Chipper Jones to retire after this year

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Chipper Jones swing.jpgUPDATE: O’Brien Reports that Jones is meeting with Bobby Cox and GM Frank Wren today and that afterward he will address the media.  It seems apparent that announcing his retirement is the purpose of the meeting and press conference.

11:00 A.M.: David O’Brien of the Atlanta Journal-Constitution just tweeted that, while unconfirmed, Chipper Jones has told people that he’s going to retire at the end of the season.

This would not shock me. He already made noises about this last season and earlier this season, and he has been a non-factor as the Braves have climbed into first place in the NL East.  When he has played Jones has hit .228/.375/.341.  His primary replacement, Omar Infante, has hit .314/.351/.387.

It would be one thing if the Braves were playing terrible baseball — maybe Jones would feel like he was badly needed or something — but any sensible person in Jones’ position would realize that, however hard it is to admit, the Braves simply don’t need his production anymore.  And though I respect Chipper Jones as a player and am grateful for all of his accomplishments on the field, I look at the $26 million he’s owed for 2011 and 2012 and wonder just how much the team could be improved if it was devoted to finding an outfielder or two. I bet he thinks about that too. At least when he’s not thinking about how nice it would be to spend more time fishing and stuff.

Still no official word from Jones or the team, of course, but let’s speculate about a couple of things.  First point of speculation is not exactly a stretch: if Jones retires after this year, he joins Ken Griffey Jr. as a first-time inductee in 2016.  I think this is a lock. He’s one of the top third basemen of all time, he has an MVP Award, a World Series ring, a reputation for coming up big in big situations, he’s never been accused of PED use and he was the one offensive constant (or at least near-constant) for the Braves’ run of division titles.  I’ll take — and subsequently dismiss — counterarguments in the comments.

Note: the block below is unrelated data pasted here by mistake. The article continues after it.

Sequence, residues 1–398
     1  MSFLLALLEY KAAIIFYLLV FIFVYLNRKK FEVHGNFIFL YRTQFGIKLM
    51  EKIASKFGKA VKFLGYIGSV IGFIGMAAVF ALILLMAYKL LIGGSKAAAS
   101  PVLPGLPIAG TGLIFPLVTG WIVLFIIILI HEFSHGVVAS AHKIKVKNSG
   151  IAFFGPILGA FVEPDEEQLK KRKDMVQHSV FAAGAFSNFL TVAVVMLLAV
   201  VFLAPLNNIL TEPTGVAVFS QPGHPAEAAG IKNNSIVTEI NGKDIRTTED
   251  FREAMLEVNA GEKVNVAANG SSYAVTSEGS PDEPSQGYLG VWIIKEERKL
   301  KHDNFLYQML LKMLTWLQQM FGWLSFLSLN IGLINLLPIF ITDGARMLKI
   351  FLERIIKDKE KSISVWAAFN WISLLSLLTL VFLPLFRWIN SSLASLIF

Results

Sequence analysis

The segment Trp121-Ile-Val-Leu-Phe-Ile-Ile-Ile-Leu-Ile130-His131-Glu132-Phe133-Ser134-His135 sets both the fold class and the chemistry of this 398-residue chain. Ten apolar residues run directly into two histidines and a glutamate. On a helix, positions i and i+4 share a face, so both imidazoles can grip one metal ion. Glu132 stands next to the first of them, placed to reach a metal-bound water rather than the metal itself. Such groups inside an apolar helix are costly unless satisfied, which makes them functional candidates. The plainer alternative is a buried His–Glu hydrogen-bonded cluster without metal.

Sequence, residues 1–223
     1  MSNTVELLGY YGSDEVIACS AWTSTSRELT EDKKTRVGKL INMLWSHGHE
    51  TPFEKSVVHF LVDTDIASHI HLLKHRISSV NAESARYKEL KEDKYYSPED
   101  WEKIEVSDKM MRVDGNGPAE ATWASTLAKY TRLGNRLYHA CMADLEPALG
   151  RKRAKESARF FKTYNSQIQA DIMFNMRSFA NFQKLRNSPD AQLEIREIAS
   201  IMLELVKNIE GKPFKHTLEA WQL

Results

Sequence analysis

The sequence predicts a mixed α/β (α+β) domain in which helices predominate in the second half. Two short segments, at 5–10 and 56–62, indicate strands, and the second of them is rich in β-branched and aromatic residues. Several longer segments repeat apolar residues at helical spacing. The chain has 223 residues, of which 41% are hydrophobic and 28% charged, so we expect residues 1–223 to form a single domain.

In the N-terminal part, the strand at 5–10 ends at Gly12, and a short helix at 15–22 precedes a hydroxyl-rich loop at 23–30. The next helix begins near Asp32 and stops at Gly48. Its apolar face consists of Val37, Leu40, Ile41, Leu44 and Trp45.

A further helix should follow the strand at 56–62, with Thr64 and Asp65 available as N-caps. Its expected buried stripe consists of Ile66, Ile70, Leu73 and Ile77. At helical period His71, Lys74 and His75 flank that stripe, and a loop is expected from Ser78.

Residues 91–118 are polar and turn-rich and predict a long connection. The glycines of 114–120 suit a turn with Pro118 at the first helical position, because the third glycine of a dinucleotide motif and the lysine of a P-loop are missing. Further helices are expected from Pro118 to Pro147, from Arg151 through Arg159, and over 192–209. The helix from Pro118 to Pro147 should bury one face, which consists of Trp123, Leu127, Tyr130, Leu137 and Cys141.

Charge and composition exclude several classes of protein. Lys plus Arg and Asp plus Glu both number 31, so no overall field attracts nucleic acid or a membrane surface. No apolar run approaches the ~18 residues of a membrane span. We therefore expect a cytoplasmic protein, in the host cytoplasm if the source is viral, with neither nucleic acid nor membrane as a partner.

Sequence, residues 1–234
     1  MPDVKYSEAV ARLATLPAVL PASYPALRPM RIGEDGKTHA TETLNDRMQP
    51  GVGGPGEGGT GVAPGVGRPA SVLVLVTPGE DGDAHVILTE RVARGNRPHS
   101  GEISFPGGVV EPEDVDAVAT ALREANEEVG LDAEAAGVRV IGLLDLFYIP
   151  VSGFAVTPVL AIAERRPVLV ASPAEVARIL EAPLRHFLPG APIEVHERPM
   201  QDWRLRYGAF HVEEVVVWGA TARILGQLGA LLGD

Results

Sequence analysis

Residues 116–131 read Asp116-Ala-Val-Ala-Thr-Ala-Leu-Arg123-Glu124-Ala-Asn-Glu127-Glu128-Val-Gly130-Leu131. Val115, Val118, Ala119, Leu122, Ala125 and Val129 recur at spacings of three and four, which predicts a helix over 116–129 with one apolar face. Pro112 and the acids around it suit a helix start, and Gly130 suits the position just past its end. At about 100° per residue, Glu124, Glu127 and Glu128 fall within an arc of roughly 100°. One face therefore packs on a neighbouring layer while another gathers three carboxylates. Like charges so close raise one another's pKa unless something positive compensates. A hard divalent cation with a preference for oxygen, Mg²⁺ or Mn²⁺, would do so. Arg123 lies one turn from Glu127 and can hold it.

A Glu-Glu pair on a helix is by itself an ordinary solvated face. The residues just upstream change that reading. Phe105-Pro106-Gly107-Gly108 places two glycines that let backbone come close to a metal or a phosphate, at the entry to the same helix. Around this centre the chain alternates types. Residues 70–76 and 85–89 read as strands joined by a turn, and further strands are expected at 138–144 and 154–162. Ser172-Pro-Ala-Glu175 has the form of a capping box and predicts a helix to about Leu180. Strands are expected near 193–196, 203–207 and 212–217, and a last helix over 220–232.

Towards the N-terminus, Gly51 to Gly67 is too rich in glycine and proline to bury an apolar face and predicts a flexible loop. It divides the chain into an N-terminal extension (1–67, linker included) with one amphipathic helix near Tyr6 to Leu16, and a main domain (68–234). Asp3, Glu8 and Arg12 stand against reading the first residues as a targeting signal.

Second bit of speculation, but much, much wilder: Chipper Jones gets named as the Braves’ new manager next year.  OK, maybe that needs about ten more “wilds” in front of it, but he’s been at Bobby Cox’s right hand for the past 16 or 17 seasons, he’s smart, and he has what seems like the right kind of temperament to handle the job.

Does he have the desire? Hell if I know, but at least it gives us something to talk about while we wait for Jones and/or the team to either confirm or deny O’Brien’s report.

Video: Adam Wainwright crushes a three-run homer into the second deck

St. Louis Cardinals' Adam Wainwright connects for a three-run triple against the Arizona Diamondbacks during the sixth inning of a baseball game Wednesday, April 27, 2016, in Phoenix. (AP Photo/Ross D. Franklin)
AP Photo/Ross D. Franklin
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Adam Wainwright has been bringing the lumber lately. The Cardinals’ pitcher delivered a three-run triple in his previous start, last Wednesday, against the Diamondbacks.

During Monday’s start against the Phillies, he doubled to lead off the third inning. Then, in the top of the fourth, he absolutely demolished a Jeremy Hellickson offering for a three-run home run into the second deck at Busch Stadium to tie the game at three apiece.

It’s the seventh home run of Wainwright’s career and brings his season total up to six RBI, matching a career high.

Video: A Delino DeShields base running gaffe costs the Rangers a run

Texas Rangers' Delino DeShields reacts after he struck out swinging to end the tenth inning of a baseball game against the Seattle Mariners, Wednesday, April 13, 2016, in Seattle. The Mariners beat the Rangers 4-2 in ten innings. (AP Photo/Ted S. Warren)